LASC's Undergraduate Journal
Welcome to the Latin American Studies and Caribbean Center’s online undergraduate journal, El Foro. This biannual publication showcases exemplary UMD undergraduate students’ research and creative work focused on Latin America, the Caribbean, and Latinx populations in the U.S.
This issue opens with a poem from Olivia Connolly, focused on her grandmother, a Puerto Rican immigrant and business owner in the U.S. In “Jugar con la infancia,” Hannah Barlow, a junior completing a double major in Spanish and International Development along with the LACS certificate, reads Albertina Carri’s film Los rubios alongside Alejandro Zambra’s novel Formas de volver a casa to examine the experiences of dictatorship through the lens of childhood. Ash Escobar, who recently graduated with a Spanish major and a certificate in Latin American and Caribbean Studies, explored the subtle ways that indigenous culture has been kept alive in popular Salvadoran culture: through traditional foods, vernacular, and celebrations that weave together vestiges of a culture that could not be vanquished. Camila Guerrero, a double major in Government and Politics and Spanish Literature and Culture examined how Salvadoran immigrants of the civil war impacted their children’s political partisanship, focused on the relationship between family and religion, and how this is significant in how second-generation Salvadorans vote. Finally, with her timely research paper “Mexican Immigration Policy Effects on Central American Migrants,” Public Policy major and LASC certificate graduate Jennifer Reyes studied the role of Mexico in policing Central American migration.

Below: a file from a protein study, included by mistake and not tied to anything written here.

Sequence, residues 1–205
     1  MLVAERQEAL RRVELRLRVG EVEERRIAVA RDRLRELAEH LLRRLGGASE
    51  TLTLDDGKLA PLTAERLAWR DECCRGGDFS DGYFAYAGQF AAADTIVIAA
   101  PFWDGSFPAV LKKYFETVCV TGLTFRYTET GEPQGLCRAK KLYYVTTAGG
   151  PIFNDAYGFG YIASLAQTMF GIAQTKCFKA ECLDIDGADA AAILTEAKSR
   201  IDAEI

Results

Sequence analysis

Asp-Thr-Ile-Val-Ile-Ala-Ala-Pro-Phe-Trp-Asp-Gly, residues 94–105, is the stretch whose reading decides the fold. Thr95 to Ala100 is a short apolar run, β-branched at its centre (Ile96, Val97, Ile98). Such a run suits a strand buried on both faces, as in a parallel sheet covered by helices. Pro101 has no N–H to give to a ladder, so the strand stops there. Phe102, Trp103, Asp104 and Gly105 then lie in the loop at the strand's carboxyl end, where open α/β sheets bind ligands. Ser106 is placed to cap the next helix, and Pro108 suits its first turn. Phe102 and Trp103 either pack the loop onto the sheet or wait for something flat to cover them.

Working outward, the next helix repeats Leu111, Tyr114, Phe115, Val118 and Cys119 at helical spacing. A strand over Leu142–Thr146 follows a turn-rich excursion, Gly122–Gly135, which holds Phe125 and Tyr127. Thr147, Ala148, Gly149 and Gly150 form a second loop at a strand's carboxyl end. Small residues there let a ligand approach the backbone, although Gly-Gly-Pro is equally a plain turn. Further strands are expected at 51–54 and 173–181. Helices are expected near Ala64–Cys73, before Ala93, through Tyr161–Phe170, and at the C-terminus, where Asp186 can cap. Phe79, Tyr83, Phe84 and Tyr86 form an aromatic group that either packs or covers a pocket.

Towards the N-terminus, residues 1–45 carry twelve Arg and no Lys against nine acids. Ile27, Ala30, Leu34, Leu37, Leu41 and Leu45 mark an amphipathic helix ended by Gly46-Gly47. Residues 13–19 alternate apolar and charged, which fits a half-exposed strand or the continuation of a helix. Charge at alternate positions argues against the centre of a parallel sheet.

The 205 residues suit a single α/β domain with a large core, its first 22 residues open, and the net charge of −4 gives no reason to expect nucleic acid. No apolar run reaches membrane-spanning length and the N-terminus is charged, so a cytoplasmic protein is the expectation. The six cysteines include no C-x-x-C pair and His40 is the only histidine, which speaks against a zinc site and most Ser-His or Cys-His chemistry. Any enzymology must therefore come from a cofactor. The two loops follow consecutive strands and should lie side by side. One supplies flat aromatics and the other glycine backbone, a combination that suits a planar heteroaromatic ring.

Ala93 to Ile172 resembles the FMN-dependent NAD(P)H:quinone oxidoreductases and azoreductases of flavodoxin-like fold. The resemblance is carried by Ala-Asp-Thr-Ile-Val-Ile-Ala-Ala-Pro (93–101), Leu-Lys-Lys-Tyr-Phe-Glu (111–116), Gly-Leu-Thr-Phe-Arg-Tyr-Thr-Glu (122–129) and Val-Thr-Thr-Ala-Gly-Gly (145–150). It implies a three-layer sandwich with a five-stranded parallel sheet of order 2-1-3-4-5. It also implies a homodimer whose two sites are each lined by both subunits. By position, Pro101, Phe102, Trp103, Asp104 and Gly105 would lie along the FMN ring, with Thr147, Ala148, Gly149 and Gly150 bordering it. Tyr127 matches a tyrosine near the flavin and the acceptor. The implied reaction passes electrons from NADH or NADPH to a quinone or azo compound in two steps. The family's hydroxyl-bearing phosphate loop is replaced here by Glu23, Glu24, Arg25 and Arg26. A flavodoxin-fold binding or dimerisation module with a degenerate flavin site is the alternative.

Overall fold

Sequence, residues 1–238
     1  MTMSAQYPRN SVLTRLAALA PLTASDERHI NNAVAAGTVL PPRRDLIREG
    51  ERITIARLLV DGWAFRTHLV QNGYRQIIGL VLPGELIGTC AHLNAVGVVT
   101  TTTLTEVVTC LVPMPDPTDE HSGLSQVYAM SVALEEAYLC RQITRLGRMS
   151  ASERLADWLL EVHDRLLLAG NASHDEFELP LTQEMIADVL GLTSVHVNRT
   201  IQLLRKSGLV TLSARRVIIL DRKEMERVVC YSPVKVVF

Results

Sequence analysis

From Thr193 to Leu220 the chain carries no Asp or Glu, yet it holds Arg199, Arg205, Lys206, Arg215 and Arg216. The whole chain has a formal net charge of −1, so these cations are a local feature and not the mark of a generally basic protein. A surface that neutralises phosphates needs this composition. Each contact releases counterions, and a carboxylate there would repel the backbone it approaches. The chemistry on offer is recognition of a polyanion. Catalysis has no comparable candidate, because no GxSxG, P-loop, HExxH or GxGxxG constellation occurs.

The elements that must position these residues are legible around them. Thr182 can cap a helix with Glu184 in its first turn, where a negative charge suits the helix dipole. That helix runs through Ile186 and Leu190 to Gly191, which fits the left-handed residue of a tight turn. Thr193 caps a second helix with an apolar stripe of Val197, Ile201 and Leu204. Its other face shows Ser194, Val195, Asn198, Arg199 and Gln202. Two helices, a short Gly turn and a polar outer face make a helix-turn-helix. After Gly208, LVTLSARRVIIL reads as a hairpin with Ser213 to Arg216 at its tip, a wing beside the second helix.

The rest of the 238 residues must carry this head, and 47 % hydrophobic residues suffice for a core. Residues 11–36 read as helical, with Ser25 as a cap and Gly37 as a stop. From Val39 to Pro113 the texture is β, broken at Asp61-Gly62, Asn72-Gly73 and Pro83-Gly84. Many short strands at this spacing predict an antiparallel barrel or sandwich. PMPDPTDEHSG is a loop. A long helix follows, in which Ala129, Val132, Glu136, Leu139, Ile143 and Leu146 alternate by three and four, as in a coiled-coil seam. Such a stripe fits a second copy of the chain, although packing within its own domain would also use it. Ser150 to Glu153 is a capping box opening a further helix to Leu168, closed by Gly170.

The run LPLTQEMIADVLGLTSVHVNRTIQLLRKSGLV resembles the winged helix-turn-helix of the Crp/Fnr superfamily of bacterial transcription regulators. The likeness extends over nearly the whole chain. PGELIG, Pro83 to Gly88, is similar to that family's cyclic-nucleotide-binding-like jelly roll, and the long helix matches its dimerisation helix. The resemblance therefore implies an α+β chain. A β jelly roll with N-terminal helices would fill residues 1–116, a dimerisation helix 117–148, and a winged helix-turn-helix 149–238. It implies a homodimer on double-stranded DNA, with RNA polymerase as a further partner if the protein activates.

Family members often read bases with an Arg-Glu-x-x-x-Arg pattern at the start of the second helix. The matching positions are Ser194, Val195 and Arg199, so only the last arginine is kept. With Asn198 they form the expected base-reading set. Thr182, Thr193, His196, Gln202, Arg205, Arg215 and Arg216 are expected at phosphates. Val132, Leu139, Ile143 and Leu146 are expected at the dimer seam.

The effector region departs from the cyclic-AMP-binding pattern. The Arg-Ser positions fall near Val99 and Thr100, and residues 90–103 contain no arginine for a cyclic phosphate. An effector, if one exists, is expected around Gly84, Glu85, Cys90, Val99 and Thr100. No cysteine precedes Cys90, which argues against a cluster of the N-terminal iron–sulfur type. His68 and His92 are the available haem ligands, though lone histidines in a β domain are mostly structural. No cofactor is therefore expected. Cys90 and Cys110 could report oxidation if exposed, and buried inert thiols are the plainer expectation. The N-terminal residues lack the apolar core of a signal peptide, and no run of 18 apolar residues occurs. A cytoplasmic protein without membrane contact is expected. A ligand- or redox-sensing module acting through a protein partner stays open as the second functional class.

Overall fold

This selection demonstrates the excellence of students’ work and breadth of their interests. These authors movingly merge their personal experiences, histories, and commitments with their creative and scholarly production. We are proud to showcase this work!
1. Olivia Connolly, Que será
2. Hannah Barlow, Jugar con el testimonio
3. Ashley Escobar, The Resilience of Indigenous Culture in El Salvador
4. Camila Guerrero, Inheritance of Political Partisanship from Parent to Child: Case of Salvadoran Immigrants of the Civil War
5. Jennifer Reyes, Mexican Immigration Policy Effects on Central American Migrants
The second issue opens with a compelling essay from Ofelia Montelongo titled "Five Things DACA Recipients Want you to Know." In this essay, she shares interview stories from five interviewees who are DACA recipients.
1. Ofelia Montelongo, Five Things DACA Recipients Want you to Know
How to contribute to El Foro
We accept essays, manifestos, poems, short stories, and images in English, Spanish, Portuguese, Spanglish, French, Creole, or any indigenous language of Latin America. For consideration for publication in our next issue, submit your work in pdf form to firstname.lastname@example.org with the subject line “El Foro Submission”.